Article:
It’s a sad fact of life today that we lose so many of the younger generations to drugs, violence, and suicide. In the town I grew up in, there always seems to be yet another death, whether it is caused by those reasons or some sort of accident, they always seem to be close in age to me. I've watched countless friends grieve over their best friends and family, but never would I have imagined it would be someone that I was close with. Early this year, this became my reality. My friend Andrew had passed away.
It started out innocently enough. I met him at orientation for the college program I had decided to take, when I decided to go back to school full-time. At 45. He seemed nice enough. A little quirky, sometimes a bit shy seeming, but nice enough. I didn't think too much of him beyond that. During orientation I hung out with him and with a girl who was also starting the program with us. The three of us became friends fairly quickly.
This is Addam, with two “Ds.” He and I were in the Army together in 2005 to 2006, stationed in Ft. Riley, Kansas. I didn’t really get to know him until several, several months after joining Bravo Company (🐠—that’s a barracuda). Eventually, we’re all (Bravo) going out and drinking together.
Let’s see. Living with your best friend may seem enticing, but it is not all that it is cracked up to be. Just as a quick note: Overall, living with my “bestie” was not bad, and I quite enjoyed it. The family that I lived with was quite generous letting me live there and all. Luckily for me, they also liked me before I lived with them, and somehow did not hate me during or after my time staying there. I was really worried that they would kick me out, because my family all liked to tell me how much of a mess I am and how I pretty well leave path of destruction and trash everywhere I go. However, I think that these comments, maybe true but also slightly hurtful, helped me become a good tenant. I constantly watched myself, and picks up the messes I left. Occasionally I am sure I forgot some things, but I tried my best.
You have probably heard from many people in your circle—mom, dad, teachers and peers—you are judged by the people you hang around. I heard it from my parents, and now, I repeat the same thing to my kids. While this might seem completely unfair and a bit “judgy,” this is actually more of a thing than you may realize. And, it’s not a new thing. Let me explain.
Coral and I have known each other since birth, practically.
Have you ever told someone a story about your day or just been venting, only to have them one-up you with the "oh yeah, well, what happened to me was way better or conversely, way worse?" It always seems that whatever the case, however it happened to them was more significant in some way than whatever happened to you. That, my friends is always the case with the 'one-upper'. It's as if the stories are somehow in competition with one another, or maybe somehow you both are, unknowingly? I'm sure we all have at least one in every group of friends. Whatever the story, theirs was bigger, better, faster, stronger, something to make it just somehow more than whatever yours was so that they stand out for either better, or worse. If you had a good day, theirs was better. On the flip side, if you had a lousy day, theirs was the worst day ever. They cannot seem to just listen to you talk without making sure theirs was somehow over the top.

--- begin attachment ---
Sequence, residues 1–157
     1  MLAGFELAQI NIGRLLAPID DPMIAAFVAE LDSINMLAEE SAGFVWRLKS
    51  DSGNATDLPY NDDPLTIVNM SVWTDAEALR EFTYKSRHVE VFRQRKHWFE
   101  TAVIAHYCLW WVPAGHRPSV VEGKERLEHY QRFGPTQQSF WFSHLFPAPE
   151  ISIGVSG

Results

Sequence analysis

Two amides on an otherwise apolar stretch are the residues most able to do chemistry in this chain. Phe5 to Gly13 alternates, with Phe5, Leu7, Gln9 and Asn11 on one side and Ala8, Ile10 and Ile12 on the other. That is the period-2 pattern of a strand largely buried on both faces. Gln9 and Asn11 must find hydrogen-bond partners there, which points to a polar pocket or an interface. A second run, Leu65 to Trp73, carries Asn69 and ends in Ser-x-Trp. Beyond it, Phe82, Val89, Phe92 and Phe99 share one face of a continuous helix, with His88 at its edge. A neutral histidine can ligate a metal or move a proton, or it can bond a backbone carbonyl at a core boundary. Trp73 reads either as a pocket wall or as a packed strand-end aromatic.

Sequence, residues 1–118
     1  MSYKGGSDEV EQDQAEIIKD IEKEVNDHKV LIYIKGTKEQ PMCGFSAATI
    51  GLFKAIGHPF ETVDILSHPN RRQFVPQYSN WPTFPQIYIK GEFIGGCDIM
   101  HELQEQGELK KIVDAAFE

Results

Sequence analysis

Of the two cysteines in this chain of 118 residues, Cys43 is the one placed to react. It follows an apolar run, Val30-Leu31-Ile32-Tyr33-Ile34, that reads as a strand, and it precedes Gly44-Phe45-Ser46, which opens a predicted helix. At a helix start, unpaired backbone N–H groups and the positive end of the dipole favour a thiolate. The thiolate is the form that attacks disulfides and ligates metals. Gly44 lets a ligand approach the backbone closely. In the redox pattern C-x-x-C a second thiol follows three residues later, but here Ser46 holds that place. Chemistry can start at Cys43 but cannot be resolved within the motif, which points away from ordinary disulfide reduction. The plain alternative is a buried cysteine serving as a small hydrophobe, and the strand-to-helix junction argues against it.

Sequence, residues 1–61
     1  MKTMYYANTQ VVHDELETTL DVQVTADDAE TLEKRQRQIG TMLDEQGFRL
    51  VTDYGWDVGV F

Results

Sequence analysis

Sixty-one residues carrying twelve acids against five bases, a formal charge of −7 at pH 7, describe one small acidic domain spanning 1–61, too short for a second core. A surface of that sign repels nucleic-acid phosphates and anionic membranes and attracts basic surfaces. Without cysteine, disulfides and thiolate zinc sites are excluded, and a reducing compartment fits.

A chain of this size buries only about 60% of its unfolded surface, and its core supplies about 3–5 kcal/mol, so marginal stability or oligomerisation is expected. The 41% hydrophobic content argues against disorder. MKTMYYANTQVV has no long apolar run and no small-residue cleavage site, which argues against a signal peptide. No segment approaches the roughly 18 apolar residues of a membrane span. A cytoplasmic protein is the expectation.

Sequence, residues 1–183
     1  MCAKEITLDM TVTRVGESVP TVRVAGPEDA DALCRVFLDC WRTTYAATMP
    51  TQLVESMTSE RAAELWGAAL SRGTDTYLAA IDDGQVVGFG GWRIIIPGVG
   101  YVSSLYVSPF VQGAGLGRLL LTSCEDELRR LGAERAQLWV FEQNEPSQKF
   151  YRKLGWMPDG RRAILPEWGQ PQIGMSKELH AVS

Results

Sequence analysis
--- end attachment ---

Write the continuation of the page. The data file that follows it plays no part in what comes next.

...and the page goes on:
Choosing good people to have around you is very important for your overall growth as a person, so it's important to keep people around that bring positive energy into your life. Even as an adult, choosing your friends wisely has a lot to do with how you think, feel, and behave. During adulthood it can be pretty hard to maintain relationships with people that you’ve come to know as you’ve grown throughout your life, and it can also be hard to begin relationships with good people. Here are some tips to help you strengthen the relationships you have with the people around you, and gain new positive relationships as well.
If you haven’t figured it out already, a “Fakeship” is basically a way of describing a “fake friendship.” Definition? In the most simplistic way, it’s basically a friend who never really was a friend. The ones who use and exploit you or your resources for their own benefit. Someone who might be nice to you one day, and low and behold, they’ll be gossiping about you the next. Those of you who have experienced these, will have definitely been in a Fakeship.
I was listening to music on my Spotify account when a specific song came on. I didn't remember adding it to my playlist before, but I remembered the song as soon as I heard it. It was "Everything I Need" by Skylar Grey.
“I will text you 50 times in a row and feel no shame. You’re my friend, you literally signed up for this.”
Choosing good people to have around you is very important for your overall growth as a person. It is important to keep people around that bring positive energy into your life. Even as an adult, choosing your friends wisely has a lot to do with how you think, feel, and behave. During adulthood, life is busy; it can be hard to foster and be present in relationships. Here are some tips to help you strengthen the relationships you have and foster new, positive relationships, even with a busy lifestyle.